Eventually, I found a book that I thought might contain some information I could use. As I pulled it off the shelf, a wave of old-book smell came wafting toward me. I opened the book and took a deep breath. Mmm, I love the smell of old books.
As I looked around the section where I had found that first book, I discovered even more books that I could use. The more books I found on my subject, the more excited I became. I pulled them off the shelf and stacked them in my arms as quickly as I could. When my arms were filled to their capacity, I staggered back to my table and set them down with a loud ooff. Then I sat down and began my research.
As I was recording the information I found in these books, I was shocked at how much I actually enjoyed the process of researching for my term paper. I was used to staring at a computer screen for hours, forgetting to blink and realizing suddenly that my eyes were dry, red and itchy—the same, bland process over and over. But researching at the library was nothing like clicking on a link to the Encyclopedia Britannica and scrolling past three ads to get to the actual text. It was like going on an adventure. It was like treasure-hunting. I found books that were hundreds of years old with yellow pages and crinkles around the edges. I was perpetually enveloped by that musky, sweet smell of well-used books. The words seemed to jump off the pages as I read them. I learned much more than I would have had I done my usual, casual Google search. And the more I learned, the more motivated I was to dig even further into my research.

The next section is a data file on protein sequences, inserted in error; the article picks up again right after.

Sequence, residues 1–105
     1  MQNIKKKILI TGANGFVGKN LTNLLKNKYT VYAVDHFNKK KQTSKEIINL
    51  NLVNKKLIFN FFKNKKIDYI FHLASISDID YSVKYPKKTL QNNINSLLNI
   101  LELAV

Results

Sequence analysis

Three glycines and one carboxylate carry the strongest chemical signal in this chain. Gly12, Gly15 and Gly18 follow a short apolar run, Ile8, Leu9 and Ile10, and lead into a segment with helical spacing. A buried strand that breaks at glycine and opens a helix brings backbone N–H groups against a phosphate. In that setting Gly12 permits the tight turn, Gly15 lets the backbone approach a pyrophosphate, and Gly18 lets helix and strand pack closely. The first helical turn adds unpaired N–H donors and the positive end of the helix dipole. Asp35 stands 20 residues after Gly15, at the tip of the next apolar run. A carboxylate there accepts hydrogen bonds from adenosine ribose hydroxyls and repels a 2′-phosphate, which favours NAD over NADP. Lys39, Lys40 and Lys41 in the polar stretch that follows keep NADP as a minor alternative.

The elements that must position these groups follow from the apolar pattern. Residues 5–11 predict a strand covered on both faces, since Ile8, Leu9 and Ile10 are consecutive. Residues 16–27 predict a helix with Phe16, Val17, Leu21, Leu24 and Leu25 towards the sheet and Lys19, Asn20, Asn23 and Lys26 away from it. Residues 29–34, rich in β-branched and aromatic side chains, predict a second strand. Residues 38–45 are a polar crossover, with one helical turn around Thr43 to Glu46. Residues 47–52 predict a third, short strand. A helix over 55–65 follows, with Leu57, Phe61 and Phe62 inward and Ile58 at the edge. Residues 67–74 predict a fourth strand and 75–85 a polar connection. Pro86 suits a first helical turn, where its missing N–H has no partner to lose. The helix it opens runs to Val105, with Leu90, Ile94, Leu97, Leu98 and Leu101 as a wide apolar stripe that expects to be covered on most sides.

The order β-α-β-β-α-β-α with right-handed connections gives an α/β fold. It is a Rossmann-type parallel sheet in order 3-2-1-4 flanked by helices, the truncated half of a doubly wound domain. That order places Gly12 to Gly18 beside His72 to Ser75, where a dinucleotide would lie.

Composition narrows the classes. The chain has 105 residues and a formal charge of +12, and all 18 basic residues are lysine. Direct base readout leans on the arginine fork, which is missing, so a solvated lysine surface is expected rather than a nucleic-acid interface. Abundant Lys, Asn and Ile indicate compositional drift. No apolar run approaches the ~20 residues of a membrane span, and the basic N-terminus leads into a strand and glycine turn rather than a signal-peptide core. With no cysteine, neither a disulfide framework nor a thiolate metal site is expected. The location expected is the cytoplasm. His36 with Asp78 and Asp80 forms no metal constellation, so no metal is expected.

This was an important lesson for me to learn for my future term papers, but it also taught me a little bit more about life in general. I realized that this is how life works too—if you are willing to put a little more effort into whatever task you have been given, you will receive a little more in return. Showing a little friendliness can turn an acquaintance into a lifelong friend. Working harder on the job will cause your boss to trust you and give you more responsibility. Putting effort into your school assignments will benefit you far beyond the good grade that you receive for them—it will educate you for life.
Now, when I receive a term paper assignment, I still have a moment of reluctance before beginning the researching process—but the experience I had in the Hall of Ad library that Sunday afternoon taught me to push past that lazy attitude. It taught me to be grateful for the resources I have at my fingertips, and, above all, it taught me to take advantage of them. I have been reaping the benefits of productive, informative term papers ever since.